9. Navigating the Whitewater of Change. In his last chapter Addington provides excellent guidance on managing the change process. He emphasizes that understanding the process of change and leading the process well is as important as the actual change being proposed. Many fine initiatives founder, not because the idea is bad, but because the process to implement the change was faulty or poorly led. Pay attention to the process. He also acknowledges that people respond to change variously and so expect diverse perspectives to change to emerge in your congregation. He references Rogers work, entitled Diffusion of Innovations, and its observations about change and human sociology.
The section “what you need to know when you are going to suggest change” (206) is very helpful for any leader. Prepare people for change by communicating well and often. Remember that communication is a two-way street — you need to listen. Always relate significant change to mission accomplishment. In other words people need to see how this change will enable them to achieve something they value. And make sure you have people praying through the process.
I think that a board’s ability to lead a congregation through change depends significantly upon the level of trust that it has developed over time. If you know as a board that a significant change is necessary, then try in advance to establish your credibility as a board as securely as possible. If people lack confidence in the board because of ill-advised decisions, then the board’s ability to lead the congregation to accept significant change will be compromised.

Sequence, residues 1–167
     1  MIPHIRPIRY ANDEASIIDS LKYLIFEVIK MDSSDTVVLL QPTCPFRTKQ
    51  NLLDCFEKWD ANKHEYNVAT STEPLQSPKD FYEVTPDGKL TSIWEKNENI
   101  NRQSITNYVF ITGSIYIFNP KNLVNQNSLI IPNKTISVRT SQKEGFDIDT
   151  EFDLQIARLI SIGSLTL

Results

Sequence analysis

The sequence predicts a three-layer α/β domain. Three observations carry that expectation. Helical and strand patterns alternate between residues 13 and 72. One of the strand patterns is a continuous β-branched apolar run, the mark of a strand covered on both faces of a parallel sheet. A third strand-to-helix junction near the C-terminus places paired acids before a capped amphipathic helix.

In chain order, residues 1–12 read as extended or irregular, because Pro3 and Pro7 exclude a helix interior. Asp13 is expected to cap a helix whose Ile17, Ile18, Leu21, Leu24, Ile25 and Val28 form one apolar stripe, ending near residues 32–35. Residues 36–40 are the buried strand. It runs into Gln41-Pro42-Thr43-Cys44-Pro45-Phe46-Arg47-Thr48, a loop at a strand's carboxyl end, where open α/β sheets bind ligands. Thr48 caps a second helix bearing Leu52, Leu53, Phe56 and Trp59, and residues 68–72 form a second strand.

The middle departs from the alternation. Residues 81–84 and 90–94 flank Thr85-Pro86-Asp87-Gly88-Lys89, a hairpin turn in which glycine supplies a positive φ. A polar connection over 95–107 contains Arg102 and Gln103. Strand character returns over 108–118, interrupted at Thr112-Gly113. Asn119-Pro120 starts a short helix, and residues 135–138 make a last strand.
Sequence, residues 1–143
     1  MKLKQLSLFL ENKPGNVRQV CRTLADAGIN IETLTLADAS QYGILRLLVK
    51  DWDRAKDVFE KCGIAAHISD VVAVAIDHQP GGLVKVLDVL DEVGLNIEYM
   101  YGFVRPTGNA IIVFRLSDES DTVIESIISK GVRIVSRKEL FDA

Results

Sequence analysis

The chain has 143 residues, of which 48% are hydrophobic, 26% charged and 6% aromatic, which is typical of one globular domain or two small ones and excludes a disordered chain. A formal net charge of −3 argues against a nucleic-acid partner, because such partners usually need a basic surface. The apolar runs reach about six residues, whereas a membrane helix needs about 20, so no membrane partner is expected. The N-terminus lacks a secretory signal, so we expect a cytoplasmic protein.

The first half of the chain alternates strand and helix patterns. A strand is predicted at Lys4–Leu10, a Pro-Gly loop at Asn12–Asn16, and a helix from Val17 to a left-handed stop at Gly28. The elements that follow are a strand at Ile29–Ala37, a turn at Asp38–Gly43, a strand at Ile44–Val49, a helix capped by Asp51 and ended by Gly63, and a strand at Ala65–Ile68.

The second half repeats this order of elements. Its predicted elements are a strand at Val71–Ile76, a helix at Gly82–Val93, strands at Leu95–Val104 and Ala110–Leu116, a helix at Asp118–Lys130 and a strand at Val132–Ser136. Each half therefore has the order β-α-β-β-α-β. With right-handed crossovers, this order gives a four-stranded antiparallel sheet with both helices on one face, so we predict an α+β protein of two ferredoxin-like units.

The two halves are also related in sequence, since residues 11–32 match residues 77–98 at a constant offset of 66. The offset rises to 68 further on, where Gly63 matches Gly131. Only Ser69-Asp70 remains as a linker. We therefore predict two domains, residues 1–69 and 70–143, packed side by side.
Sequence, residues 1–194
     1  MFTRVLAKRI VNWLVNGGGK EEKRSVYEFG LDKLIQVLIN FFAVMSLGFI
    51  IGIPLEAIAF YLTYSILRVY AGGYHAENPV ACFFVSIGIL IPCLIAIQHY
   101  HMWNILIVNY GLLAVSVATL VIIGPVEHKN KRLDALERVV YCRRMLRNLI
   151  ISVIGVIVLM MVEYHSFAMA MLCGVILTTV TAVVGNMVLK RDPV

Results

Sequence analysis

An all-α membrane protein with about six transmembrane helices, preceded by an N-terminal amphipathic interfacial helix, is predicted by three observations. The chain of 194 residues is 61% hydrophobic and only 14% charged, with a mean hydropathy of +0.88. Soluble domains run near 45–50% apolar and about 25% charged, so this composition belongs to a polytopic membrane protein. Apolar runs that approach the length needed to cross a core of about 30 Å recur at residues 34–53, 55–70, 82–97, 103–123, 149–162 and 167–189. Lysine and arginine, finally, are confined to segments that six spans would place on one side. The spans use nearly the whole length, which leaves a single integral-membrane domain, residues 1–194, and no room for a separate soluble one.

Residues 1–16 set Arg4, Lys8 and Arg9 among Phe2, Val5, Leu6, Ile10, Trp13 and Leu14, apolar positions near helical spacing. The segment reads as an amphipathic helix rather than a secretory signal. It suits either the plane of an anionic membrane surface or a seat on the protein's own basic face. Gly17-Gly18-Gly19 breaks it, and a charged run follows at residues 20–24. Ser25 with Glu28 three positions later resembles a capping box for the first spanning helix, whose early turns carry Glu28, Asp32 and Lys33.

As I indicated in my initial remarks, Addington has written a very helpful resource for church boards. In my opinion it would be strengthened if more attention were given to:
1. Matters of trust. Effective boards require immense trust as the capital by which they can work well together, with the ministry staff and with the congregation. When trust goes, effectiveness soon follows. Boards and their leaders must do all in their power to develop and deepen internal and external trust, if they hope to have any success in achieving their institutional mission.
2. Role of the Board in pastoral evaluation. If there is to be effective “return on mission”, then a church board must engage in annual and consistent evaluation of staff performance. Without this occurring, accountability will be absent.
3. Role of the Board as ministry team. In everything that the church board does, it must see itself primarily as a key ministry team in the church. All of its work is ministry and if the board loses sight of this reality, it loses its ability to serve Christ and the congregation in a healthy way. Further, this reality enables the board members to keep their focus and motivation at a high capacity, because ministry is always the goal and desired outcome, no matter what is on the agenda.
4. The strategic role of the Board chair. The role of the board chair is critical in facilitating the effectiveness of a church board. If this role is overlooked and diminished, the ability of any board to achieve its potential will be severely diminished. The appointment of the board chair has to be seen as a critical contribution to board effectiveness.
Larry Perkins, Ph.D.
 Consider how the major lexicon of the Greek New Testament (Bauer, Arndt, Gingrich and Danker, A Greek-English Lexicon of the New Testament (Chicago: University of Chicago Press, 2000),870) provides two very distinct options for the sense of this term in Romans 12:8. In this context the term is preceded and followed by references to the ‘gifts’ of encouragement, giving, and mercy. Leadership seems rather out of place in this context.